• Colonial Viper 3.1.1.1

          Maybe Keith thinks that Sir Michael Cullen and the board of NZ Post are somehow blissfully unaware and uninvolved in the closure of NZ Post branches throughout the country.

          Or maybe he thinks that Cullen and Labour should be given a pass on all the neoliberal shit they have done and supported over the last 3 decades.

  3. Tautuhi 4

    The private banks want to eliminate Kiwibank who are the opposition, they have just the man in John Key to satisfy their objectives, more profit for private banks and less services available for NZ citizens, another example of Corporate Greed?

    NZ going to hell in a hand basket?

  4. Nick K 5

    A book shop in Devonport had to close a while ago because ‘e’ books were taking its business. What’s the government supposed to do about that – step in and save it. There’s a thing called email which you may have heard about. I’m not sure the government can stop emails being sent, instead of letters.

    • One Anonymous Bloke 5.1

      Failed free market dogma still has true believers, that much is obvious from your witless flailing. The question is, do National Party supporters love faith-based market “solutions” when they’re on the receiving end?

      Charter schools and high rise property development opportunities in Epsom, that sort of thing: hypocritical trash on display for all to see.

      Sorry, were you doing your best to divert the discussion on to the shite you believe? Better luck next time.

    • Keith 5.2

      I only wish National would have that puritanical view of the market when it comes to the labour market but they keep sticking their oar in there rather than letting it take it’s natural course to tilt the field in businesses favour!

      • One Anonymous Bloke 5.2.1

        Legislation and regulation are fundamental aspects of market forces, just like taxation, government spending and revenue. The reason right wing trash hate these things (until they buy some MPs) is that they don’t want citizens to have any power – that is a market force they can’t cope with: they pack a tanty every single time.

        Of course, being lazy hypocrites, they don’t even know they’re doing it.

    • millsy 5.3

      Post shops also handle various bill payment and so on.

  5. greywarshark 6

    There are increasing numbers of cars on the road, and everyone knows that it is not a good thing to sleep on the road but still the drivers who run into such people get taken to task. So you Gnats who want to lie down and let the free market roll over you are counting on the state caring a toss for you. We don’t want to lie down and watch our lives and supports being stolen from us, not like you unprincipled cowards and lax layabouts.

  6. Smilin 7

    All a numbers game but the game Key plays is money numbers not people numbers or supports the value of established govt services with any traits of left leaning politics in the public service
    Key attacks anything that has the slightest bit of left politics. its his party’s MO .
    His Smilin Assassin abilities coming to the fore again pushing privatisation as the only way to run govt services so that they cant be a problem accountable to the people by govt representation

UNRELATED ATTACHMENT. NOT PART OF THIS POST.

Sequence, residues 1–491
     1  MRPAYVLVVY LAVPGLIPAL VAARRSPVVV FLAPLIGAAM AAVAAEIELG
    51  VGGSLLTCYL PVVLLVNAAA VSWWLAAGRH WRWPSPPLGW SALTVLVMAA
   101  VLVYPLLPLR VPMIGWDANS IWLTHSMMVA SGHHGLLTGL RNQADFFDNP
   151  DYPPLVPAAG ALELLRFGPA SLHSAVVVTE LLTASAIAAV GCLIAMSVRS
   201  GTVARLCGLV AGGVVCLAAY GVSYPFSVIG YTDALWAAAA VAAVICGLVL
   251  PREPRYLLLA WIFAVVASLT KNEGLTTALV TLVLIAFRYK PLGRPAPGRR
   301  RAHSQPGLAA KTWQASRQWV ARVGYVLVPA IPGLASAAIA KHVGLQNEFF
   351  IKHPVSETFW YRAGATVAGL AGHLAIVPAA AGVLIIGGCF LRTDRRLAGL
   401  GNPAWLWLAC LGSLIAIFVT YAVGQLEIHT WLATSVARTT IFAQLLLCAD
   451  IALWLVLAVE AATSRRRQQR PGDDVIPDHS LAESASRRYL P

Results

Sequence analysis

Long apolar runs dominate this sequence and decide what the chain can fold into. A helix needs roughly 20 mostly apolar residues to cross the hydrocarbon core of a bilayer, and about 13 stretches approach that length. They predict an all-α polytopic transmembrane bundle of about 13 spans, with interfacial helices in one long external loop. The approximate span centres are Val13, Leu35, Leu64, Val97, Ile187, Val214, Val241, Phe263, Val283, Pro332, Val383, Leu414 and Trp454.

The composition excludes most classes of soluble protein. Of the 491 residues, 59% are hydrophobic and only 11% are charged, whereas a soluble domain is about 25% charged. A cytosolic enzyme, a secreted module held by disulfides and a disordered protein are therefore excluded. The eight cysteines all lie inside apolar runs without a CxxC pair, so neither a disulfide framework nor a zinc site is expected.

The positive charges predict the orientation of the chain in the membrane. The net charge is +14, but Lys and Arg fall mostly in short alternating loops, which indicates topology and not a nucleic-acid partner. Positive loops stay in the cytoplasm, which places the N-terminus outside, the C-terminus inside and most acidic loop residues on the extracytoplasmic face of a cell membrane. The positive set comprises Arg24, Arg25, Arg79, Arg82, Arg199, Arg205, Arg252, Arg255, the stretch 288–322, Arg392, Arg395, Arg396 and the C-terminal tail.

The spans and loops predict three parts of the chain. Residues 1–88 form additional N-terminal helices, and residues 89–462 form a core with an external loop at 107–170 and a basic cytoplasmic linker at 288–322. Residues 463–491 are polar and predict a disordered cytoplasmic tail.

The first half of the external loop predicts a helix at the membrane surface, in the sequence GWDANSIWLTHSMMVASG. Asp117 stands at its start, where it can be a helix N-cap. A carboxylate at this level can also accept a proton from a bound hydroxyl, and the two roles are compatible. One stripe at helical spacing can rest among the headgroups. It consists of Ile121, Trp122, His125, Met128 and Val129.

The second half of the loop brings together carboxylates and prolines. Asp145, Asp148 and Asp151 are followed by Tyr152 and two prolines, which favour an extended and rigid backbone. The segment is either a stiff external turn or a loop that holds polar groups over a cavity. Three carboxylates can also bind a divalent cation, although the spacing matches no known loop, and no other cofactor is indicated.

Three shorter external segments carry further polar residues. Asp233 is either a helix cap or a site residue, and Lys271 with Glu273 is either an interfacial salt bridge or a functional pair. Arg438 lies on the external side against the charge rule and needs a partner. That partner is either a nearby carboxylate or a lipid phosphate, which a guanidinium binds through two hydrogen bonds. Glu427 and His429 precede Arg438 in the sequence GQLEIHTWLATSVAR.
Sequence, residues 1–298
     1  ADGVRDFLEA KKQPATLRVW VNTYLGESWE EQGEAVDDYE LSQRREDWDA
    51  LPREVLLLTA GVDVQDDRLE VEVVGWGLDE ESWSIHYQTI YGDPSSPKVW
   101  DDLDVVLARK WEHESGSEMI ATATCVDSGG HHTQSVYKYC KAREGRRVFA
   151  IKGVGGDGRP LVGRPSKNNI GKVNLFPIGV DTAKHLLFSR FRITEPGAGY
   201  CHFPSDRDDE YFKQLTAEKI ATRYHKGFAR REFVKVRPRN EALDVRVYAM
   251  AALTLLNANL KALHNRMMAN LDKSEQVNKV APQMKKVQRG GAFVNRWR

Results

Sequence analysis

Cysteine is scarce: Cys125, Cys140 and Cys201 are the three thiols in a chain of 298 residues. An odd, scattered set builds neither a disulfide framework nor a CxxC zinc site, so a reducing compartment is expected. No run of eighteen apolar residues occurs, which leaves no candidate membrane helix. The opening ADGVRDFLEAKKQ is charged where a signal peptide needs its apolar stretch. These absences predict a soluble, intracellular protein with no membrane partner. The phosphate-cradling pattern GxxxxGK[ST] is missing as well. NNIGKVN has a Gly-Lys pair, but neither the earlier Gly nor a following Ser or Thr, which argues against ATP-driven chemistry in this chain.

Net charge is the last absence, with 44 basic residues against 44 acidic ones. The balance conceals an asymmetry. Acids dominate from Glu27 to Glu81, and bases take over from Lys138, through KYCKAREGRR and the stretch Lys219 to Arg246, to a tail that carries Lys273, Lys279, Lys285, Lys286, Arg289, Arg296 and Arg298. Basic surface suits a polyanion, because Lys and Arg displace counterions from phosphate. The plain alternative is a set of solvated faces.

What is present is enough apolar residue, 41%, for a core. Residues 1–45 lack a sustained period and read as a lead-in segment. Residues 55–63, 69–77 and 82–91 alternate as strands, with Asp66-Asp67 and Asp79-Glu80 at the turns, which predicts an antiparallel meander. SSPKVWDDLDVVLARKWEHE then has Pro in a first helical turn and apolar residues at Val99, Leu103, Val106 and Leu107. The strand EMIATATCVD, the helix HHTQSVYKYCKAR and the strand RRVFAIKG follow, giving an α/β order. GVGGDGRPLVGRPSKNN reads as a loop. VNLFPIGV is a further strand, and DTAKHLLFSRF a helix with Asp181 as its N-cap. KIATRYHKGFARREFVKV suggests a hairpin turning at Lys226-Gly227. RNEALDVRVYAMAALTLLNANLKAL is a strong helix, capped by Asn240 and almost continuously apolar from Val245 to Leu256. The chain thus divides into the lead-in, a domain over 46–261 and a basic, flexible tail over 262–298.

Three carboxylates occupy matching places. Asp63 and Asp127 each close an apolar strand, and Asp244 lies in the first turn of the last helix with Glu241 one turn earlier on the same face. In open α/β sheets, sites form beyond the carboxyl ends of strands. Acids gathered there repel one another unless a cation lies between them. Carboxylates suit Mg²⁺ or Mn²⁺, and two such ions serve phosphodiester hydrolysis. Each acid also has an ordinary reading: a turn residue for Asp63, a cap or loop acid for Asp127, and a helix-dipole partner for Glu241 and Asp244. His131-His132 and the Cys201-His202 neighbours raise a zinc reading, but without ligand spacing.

All hail the free market or get out of jail free card

Recent Comments

Recent Posts

  • Confirmation bias
    Something slightly deeper. Facebook is an out of control dangerous institution that neatly divides us up into our own tribes and lets us reinforce our beliefs with each other while at the same time throw rocks ...
    Confirmation bias
    9 hours ago
  • Andrew Little leads NZ delegation on global anti-terrorism taskforce
    Justice Minister Andrew Little leaves for the United States today to take part in a global task force that’s tackling terrorism and anti-money laundering. “I’m looking forward to leading the New Zealand delegation to the Financial Action Task Force (FATF) ...
    2 weeks ago
  • Third reading: Arms (Prohibited Firearms, Magazines, and Parts) Amendment Bill
    Mr Speaker We have travelled a long way in eight days, since the bill was read a first time. It has been a punishing schedule for MPs and submitters and public servants who have played a role in this process. ...
    2 weeks ago
  • Legal framework for gun buyback scheme announced
    Police Minister Stuart Nash has announced a legal framework for the gun buyback will be established as a first step towards determining the level of compensation. It will include compensation for high capacity magazines and parts. Mr Nash has outlined ...
    2 weeks ago
  • Second reading: Arms (Prohibited Firearms, Magazines and Parts) Amendment Bill
    Mr Speaker, it is Day 25 of the largest criminal investigation in New Zealand history. Not a day, or a moment, has been wasted as we respond to the atrocity that is testing us all. That is true also of ...
    2 weeks ago
  • First reading: Arms (Prohibited Firearms, Magazines and Parts) Amendment Bill
    Mr Speaker, as we meet today New Zealand is under a terror threat level of HIGH. As we meet today, Police are routinely carrying firearms, Bushmaster rifles and Glock pistols, in a significant departure from normal practice. As we meet ...
    3 weeks ago
  • NZ-China economic ties strengthened
    Economic ties between New Zealand and China are being strengthened with the successful negotiation of a new taxation treaty. The double tax agreement was signed by New Zealand’s Ambassador to China and by the Commissioner of the State Taxation Administration ...
    3 weeks ago
  • Tighter gun laws to enhance public safety
    Police Minister Stuart Nash has introduced legislation changing firearms laws to improve public safety following the Christchurch terror attacks. “Every semi-automatic weapon used in the terrorist attack will be banned,” Mr Nash says. “Owning a gun is a privilege not ...
    3 weeks ago